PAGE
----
Once prepared, the diluted infective blood is transferred rapidly into the blood feeder using a pre-warmed syringe fitted with a blunt-ended needle, ensuring that there are no air bubbles present. A mosquito container should be removed from its outer cage and placed underneath the blood feeder, ensuring that the feeder and the netting are in intimate contact, thereby minimizing the risk of escape of fed (and therefore potentially infectious) mosquitoes. Any artificial lighting should be switched off and the mosquitoes allowed feeding undisturbed for 12 - 15 min. We recommend that the high security insectary in which the mosquitoes are held be without windows; this enables feeding to take place in the dark, mimicking feeding behaviour in the wild.

To finish feeding, the mosquito container is removed from underneath the blood feeder and returned to a gauze-covered cage. Most mosquitoes that have been starved of nutrients for the previous 12 h will feed to engorgement within a few minutes. These will have a very distended, red abdomen and can be distinguished easily from mosquitoes that have not fed. If the mosquitoes have fed well, the floor of the container will be covered with red splashes of fluid passed by diuresis. Depending on the ease with which the pooter can be manipulated within the container, it may be possible at this stage to remove individual unfed mosquitoes. The time during which the blood feed is taking place may be used to examine any leftover infective blood/serum mix that was not added to the membrane feeder for gametocyte activation and/or exflagellation.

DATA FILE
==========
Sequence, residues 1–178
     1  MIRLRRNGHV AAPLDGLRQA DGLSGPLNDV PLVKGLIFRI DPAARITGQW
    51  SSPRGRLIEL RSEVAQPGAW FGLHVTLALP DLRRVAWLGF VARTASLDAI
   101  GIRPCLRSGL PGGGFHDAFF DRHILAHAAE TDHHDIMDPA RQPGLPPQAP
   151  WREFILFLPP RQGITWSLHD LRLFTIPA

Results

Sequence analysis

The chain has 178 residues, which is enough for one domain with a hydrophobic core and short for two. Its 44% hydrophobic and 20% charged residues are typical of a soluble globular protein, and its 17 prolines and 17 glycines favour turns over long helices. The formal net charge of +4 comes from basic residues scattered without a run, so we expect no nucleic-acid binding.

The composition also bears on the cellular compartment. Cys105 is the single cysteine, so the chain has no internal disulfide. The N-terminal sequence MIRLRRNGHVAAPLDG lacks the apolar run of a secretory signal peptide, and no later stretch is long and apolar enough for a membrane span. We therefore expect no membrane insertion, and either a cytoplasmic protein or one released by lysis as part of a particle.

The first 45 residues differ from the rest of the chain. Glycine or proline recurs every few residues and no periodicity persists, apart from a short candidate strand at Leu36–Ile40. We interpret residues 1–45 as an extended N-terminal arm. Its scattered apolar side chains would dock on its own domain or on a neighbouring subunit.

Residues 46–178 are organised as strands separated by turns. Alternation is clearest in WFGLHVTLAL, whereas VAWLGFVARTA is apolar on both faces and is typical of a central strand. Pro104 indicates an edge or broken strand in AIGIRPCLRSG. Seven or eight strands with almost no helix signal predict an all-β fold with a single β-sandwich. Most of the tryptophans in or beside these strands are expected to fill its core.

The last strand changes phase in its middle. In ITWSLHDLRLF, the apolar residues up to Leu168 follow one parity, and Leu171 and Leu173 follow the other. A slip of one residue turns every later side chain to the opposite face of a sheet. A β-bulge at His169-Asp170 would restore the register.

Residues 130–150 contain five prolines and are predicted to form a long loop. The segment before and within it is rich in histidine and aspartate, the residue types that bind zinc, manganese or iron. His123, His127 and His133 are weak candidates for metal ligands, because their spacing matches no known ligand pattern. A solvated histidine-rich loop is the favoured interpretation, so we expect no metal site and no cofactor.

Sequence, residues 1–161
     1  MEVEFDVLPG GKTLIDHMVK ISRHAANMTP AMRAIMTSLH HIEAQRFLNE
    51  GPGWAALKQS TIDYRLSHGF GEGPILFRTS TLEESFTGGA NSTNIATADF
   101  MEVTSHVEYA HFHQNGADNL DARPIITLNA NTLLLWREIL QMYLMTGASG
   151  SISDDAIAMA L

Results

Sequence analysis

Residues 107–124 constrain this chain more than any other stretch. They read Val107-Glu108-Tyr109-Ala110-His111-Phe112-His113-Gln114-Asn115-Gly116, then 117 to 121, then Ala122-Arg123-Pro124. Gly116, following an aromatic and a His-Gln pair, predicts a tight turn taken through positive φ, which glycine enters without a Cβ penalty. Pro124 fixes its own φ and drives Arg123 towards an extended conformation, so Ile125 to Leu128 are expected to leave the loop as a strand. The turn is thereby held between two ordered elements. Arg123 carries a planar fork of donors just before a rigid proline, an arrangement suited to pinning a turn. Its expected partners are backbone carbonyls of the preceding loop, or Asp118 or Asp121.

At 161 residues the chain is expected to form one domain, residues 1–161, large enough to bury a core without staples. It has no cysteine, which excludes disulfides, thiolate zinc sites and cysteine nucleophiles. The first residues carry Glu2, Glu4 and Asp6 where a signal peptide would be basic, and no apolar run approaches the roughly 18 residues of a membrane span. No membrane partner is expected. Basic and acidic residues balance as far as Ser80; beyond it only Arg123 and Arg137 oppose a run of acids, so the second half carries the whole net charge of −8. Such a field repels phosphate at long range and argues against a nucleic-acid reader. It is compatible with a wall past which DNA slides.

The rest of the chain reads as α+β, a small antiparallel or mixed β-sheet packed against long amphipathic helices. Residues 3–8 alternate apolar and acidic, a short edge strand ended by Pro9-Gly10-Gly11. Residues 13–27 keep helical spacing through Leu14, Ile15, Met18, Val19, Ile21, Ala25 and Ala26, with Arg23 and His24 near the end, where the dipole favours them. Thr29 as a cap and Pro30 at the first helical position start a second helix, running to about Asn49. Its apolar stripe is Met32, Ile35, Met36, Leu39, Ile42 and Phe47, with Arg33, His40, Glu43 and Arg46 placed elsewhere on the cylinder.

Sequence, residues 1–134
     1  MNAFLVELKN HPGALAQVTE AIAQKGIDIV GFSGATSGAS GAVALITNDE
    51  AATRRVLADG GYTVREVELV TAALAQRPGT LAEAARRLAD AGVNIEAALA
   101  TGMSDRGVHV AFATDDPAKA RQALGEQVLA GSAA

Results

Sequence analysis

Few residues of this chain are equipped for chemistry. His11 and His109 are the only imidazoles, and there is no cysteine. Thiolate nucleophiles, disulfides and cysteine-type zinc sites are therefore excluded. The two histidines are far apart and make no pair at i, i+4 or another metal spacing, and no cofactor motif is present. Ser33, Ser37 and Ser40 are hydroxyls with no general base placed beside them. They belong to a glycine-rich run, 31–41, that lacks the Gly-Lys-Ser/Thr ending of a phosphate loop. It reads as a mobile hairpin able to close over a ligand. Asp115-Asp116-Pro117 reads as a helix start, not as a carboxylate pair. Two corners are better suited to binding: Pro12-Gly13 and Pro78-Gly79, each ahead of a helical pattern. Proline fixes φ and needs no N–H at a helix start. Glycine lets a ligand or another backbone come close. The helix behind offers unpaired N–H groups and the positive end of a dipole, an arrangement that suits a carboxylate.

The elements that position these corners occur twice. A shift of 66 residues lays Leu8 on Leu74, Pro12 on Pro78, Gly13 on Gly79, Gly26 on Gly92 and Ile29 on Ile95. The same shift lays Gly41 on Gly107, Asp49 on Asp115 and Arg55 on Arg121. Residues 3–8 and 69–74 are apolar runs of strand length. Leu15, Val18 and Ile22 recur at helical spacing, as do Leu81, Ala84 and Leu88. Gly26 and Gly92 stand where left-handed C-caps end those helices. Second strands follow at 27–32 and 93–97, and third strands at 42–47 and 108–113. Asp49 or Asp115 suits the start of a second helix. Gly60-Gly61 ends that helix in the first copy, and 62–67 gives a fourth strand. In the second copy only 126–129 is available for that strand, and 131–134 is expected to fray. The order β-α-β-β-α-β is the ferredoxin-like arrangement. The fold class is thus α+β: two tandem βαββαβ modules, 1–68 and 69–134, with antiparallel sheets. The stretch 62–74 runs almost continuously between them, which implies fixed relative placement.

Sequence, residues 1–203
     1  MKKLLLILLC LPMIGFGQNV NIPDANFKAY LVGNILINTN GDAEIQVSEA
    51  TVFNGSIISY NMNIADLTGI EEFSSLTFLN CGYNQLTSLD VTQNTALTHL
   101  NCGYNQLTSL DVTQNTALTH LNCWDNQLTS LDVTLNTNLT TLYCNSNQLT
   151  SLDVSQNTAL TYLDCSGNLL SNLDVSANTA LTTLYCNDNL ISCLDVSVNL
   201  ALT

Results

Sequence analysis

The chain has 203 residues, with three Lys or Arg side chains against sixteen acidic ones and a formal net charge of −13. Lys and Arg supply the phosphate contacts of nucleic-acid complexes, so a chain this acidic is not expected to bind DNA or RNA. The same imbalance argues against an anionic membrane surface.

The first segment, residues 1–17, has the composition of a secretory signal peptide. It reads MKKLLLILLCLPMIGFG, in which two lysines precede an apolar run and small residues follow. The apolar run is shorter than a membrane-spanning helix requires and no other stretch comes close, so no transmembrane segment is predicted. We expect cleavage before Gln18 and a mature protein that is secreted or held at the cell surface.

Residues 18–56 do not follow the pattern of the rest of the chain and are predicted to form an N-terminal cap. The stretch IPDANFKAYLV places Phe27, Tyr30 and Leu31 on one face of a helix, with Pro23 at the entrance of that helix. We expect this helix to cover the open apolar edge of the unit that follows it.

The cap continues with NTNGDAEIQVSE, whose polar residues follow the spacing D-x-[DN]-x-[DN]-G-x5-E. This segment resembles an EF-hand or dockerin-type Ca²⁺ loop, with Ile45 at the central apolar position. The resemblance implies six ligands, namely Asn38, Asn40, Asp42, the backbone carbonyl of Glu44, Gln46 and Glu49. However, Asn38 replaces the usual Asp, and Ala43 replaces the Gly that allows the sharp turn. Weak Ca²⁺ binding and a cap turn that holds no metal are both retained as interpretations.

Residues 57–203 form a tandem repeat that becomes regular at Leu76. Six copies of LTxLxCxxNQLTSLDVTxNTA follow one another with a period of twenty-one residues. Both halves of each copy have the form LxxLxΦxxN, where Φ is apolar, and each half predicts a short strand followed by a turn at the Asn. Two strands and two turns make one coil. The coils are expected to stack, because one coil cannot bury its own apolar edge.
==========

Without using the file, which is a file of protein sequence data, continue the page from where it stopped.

Exflagellation is the explosive production of male gametes of the malaria parasite, which happens in the mosquito midgut within a few minutes of a blood meal. This phenomenon also occurs spontaneously in vitro and thus may be observed in cultures of fresh parasitized blood under the light microscope (×1000 magnification under oil immersion). It is controlled in vitro solely by the change from 37˚C to the ambient laboratory temperature, the pH rise this brings being mediated by a fall in CO2 tension as the blood equilibrates with the atmosphere. Viewing of gametogenesis (typically between 10 - 25 min after removal of a blood culture from the 37˚C incubator) is a strong indicator that oocysts and sporozoites will be produced following a blood feed. However, in our experience, observable exflagellation is not a prerequisite for successful mosquito infectivity.

2.8. On Days Following the Feed

Subsequent to a blood feed, mosquitoes should be fed daily on a 5% glucose/0.05% PABA diet, as previously described. Delaying the start of feeding by 24 h post blood feed enriches for blood-fed mosquitoes as the vast majority of “die off” mosquitoes under these conditions are those that did not blood-feed and therefore were starved of nutrients for at least 36 h. As feeding on blood promotes mosquito survival under these conditions, this strengthens the validity of oocyst and sporozoite counts that are performed.